Common Tax Mistakes to Avoid
Tax season can be a stressful time of year for many people, especially if you are not familiar with the tax code or the process of filing your taxes. Making mistakes on your tax return can result in penalties, interest, or even an audit by the IRS. To help you avoid these consequences, we have compiled a list of common tax mistakes to avoid.
1. Filing Late or Not Filing At All
One of the most common tax mistakes is failing to file your tax return on time or not filing at all. If you owe taxes and do not file your return, the IRS will assess a failure-to-file penalty that is typically 5% of the unpaid taxes for each month or part of a month that the return is late, up to a maximum of 25% of the unpaid taxes. If you file your return but do not pay the taxes you owe, the IRS will assess a failure-to-pay penalty that is typically 0.5% of the unpaid taxes for each month or part of a month that the taxes are not paid, up to a maximum of 25% of the unpaid taxes.
To avoid these penalties, it is important to file your tax return on time, even if you cannot pay the full amount of taxes owed. The IRS offers payment plans and other options for those who cannot pay their taxes in full by the due date.
2. Incorrectly Reporting Income
Another common tax mistake is incorrectly reporting your income on your tax return. Income can come from a variety of sources, including wages, self-employment income, investment income, and rental income, among others. It is important to report all of your income accurately on your tax return, as failing to do so can result in penalties and interest from the IRS.
If you receive a Form W-2 or 1099 from an employer or other payer, make sure that the information on the form matches the income you received. If you are self-employed, keep detailed records of your income and expenses to ensure that you report your income accurately.
3. Failing to Claim Deductions and Credits
Deductions and credits can help reduce your tax liability and increase your refund. However, many taxpayers fail to claim all of the deductions and credits they are eligible for. Some common deductions and credits include:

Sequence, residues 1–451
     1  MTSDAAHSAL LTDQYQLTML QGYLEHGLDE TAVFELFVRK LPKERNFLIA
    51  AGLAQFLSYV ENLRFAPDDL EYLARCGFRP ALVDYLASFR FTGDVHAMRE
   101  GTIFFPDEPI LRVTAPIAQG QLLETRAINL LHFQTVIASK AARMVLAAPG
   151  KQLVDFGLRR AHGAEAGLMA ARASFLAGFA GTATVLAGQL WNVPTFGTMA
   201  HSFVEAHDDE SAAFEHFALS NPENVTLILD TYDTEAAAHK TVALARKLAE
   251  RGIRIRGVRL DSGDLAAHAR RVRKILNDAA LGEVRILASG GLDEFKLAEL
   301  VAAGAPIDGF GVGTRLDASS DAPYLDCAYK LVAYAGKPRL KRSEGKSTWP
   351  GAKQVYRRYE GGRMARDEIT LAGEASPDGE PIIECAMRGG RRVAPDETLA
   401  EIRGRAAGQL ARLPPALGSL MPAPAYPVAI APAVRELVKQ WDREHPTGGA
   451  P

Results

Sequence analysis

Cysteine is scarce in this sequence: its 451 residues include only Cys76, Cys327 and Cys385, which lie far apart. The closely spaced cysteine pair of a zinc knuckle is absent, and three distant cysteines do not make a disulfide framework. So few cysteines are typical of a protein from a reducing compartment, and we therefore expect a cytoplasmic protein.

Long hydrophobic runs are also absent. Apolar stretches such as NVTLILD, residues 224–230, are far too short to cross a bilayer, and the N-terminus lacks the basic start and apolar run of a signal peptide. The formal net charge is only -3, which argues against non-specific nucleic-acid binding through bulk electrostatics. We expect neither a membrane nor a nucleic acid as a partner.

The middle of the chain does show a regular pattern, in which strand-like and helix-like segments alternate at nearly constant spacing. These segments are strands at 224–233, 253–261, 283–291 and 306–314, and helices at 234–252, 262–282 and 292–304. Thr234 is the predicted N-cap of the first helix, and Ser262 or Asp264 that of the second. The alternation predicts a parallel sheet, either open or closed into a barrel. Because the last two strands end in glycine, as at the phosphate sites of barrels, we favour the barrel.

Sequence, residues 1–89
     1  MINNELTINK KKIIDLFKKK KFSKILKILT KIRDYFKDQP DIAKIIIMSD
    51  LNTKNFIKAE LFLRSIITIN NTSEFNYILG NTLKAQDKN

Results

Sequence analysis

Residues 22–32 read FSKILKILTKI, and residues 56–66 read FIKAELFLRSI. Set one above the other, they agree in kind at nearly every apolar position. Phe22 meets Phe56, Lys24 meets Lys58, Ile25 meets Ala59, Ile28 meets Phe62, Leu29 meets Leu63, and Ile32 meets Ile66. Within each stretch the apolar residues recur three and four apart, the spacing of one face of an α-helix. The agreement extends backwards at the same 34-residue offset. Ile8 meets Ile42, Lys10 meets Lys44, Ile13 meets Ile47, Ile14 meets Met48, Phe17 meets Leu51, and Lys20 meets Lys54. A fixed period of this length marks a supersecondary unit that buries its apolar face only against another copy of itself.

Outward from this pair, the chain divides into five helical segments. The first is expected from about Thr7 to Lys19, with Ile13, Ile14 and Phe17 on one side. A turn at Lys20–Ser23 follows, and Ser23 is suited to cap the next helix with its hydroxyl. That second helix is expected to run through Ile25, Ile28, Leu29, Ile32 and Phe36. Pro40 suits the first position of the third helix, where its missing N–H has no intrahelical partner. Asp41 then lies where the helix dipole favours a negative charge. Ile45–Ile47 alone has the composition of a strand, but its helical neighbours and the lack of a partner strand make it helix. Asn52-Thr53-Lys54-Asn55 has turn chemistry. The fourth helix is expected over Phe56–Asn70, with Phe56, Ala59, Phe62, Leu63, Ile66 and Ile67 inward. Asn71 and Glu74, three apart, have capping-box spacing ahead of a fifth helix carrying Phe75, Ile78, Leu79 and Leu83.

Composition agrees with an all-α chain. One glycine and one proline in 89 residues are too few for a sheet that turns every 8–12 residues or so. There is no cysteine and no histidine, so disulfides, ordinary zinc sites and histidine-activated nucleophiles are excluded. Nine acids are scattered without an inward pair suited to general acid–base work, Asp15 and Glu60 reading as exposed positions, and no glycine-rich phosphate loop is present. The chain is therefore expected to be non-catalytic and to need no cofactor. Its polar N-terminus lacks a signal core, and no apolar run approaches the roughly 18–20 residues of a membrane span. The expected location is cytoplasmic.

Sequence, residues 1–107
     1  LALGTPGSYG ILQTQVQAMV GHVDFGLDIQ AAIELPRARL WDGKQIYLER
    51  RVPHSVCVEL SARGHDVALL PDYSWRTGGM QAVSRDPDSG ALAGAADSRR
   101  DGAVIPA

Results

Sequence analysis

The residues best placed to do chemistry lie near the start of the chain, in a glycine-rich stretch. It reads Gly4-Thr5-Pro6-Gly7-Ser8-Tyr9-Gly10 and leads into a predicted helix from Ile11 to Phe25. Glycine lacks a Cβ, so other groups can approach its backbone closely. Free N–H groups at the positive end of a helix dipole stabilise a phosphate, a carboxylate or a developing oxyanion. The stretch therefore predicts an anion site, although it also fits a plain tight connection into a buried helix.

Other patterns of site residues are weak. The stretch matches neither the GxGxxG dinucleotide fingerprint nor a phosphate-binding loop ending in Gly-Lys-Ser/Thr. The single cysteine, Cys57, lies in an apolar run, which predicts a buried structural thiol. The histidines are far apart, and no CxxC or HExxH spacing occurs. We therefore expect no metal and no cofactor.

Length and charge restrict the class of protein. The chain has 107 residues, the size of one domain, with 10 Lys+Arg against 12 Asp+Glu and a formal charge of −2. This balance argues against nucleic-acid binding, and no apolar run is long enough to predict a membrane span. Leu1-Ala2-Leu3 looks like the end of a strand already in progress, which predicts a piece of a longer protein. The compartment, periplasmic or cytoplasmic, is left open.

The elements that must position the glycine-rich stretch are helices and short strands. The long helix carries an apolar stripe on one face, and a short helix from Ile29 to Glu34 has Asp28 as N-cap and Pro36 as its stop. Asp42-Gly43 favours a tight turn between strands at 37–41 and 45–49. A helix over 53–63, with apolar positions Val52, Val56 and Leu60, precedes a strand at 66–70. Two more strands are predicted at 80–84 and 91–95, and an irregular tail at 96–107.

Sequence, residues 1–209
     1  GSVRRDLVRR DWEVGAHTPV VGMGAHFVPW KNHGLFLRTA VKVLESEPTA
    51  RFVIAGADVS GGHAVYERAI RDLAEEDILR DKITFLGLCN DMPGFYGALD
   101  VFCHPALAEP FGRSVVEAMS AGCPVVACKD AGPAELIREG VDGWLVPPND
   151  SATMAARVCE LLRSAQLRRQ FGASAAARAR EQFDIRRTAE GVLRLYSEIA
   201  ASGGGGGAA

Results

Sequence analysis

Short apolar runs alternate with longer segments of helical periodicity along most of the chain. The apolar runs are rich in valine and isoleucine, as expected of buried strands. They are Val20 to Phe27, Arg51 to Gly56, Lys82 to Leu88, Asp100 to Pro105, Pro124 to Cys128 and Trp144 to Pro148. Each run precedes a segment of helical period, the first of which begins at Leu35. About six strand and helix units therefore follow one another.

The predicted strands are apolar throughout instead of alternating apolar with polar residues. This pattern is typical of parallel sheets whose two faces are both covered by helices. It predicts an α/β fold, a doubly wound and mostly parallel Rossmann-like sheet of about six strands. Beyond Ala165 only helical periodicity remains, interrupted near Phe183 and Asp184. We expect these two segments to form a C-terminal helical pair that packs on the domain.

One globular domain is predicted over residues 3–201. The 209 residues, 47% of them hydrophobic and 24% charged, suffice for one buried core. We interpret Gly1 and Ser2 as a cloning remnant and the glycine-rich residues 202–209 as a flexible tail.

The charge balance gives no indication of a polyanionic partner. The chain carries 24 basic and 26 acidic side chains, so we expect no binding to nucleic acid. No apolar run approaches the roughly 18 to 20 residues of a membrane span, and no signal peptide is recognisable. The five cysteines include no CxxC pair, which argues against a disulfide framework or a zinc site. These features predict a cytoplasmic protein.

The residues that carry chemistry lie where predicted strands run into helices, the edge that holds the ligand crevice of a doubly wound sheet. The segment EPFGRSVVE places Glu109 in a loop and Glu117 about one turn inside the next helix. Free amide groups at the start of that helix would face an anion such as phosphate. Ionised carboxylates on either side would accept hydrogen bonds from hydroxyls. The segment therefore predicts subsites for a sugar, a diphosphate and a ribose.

- Charitable donations
- Mortgage interest
- State and local taxes
- Education expenses
- Earned Income Tax Credit (EITC)
- Child Tax Credit
It is important to review the tax code and consult with a tax professional to ensure that you are claiming all of the deductions and credits you are eligible for.
4. Filing Using the Wrong Filing Status
Your filing status can impact your tax liability and determine which deductions and credits you are eligible for. There are five filing statuses:
- Married filing jointly
- Married filing separately
- Head of household
- Qualifying widow(er) with dependent child
Choosing the wrong filing status can result in an incorrect tax liability and potential penalties from the IRS. It is important to review the criteria for each filing status and choose the one that best fits your situation.
5. Forgetting to Sign Your Tax Return
It may seem like a simple oversight, but forgetting to sign your tax return can result in it being rejected or delayed by the IRS. Your signature serves as verification that the information on the return is accurate and complete to the best of your knowledge. If you are filing a joint return, both you and your spouse must sign the return.
Make sure to carefully review your tax return and sign it before mailing or submitting it electronically to the IRS.
6. Failing to Report Foreign Assets and Income
If you have assets or income in foreign countries, it is important to report them on your tax return. The IRS requires taxpayers to report foreign assets and income on a variety of forms, including the Foreign Bank Account Report (FBAR) and the Foreign Account Tax Compliance Act (FATCA) form.
Failure to report foreign assets and income can result in significant penalties and legal consequences, including criminal prosecution. It is important to consult with a tax professional if you have foreign assets or income to ensure that you are reporting them correctly.
7. Incorrectly Calculating Estimated Taxes
If you are self-employed or receive income that is not subject to withholding, you may be required to make quarterly estimated tax payments to the IRS. Calculating the correct amount of estimated taxes can be challenging, and many taxpayers make mistakes that result in penalties and interest.
It is important to review the tax code and consult with a tax professional to ensure that you are calculating your estimated taxes correctly. You can also use the IRS’s online calculator to estimate your tax liability and avoid underpayment penalties.
Avoiding these common tax mistakes can help you avoid penalties, reduce your tax liability, and ensure that your tax return is processed correctly by the IRS. If you are unsure about how to report income, claim deductions and credits, or calculate your taxes, it is important to consult with a tax professional who can provide guidance and support.
Remember, filing your taxes accurately and on time is not only a legal obligation, but it can also help you avoid unnecessary stress and potential financial consequences.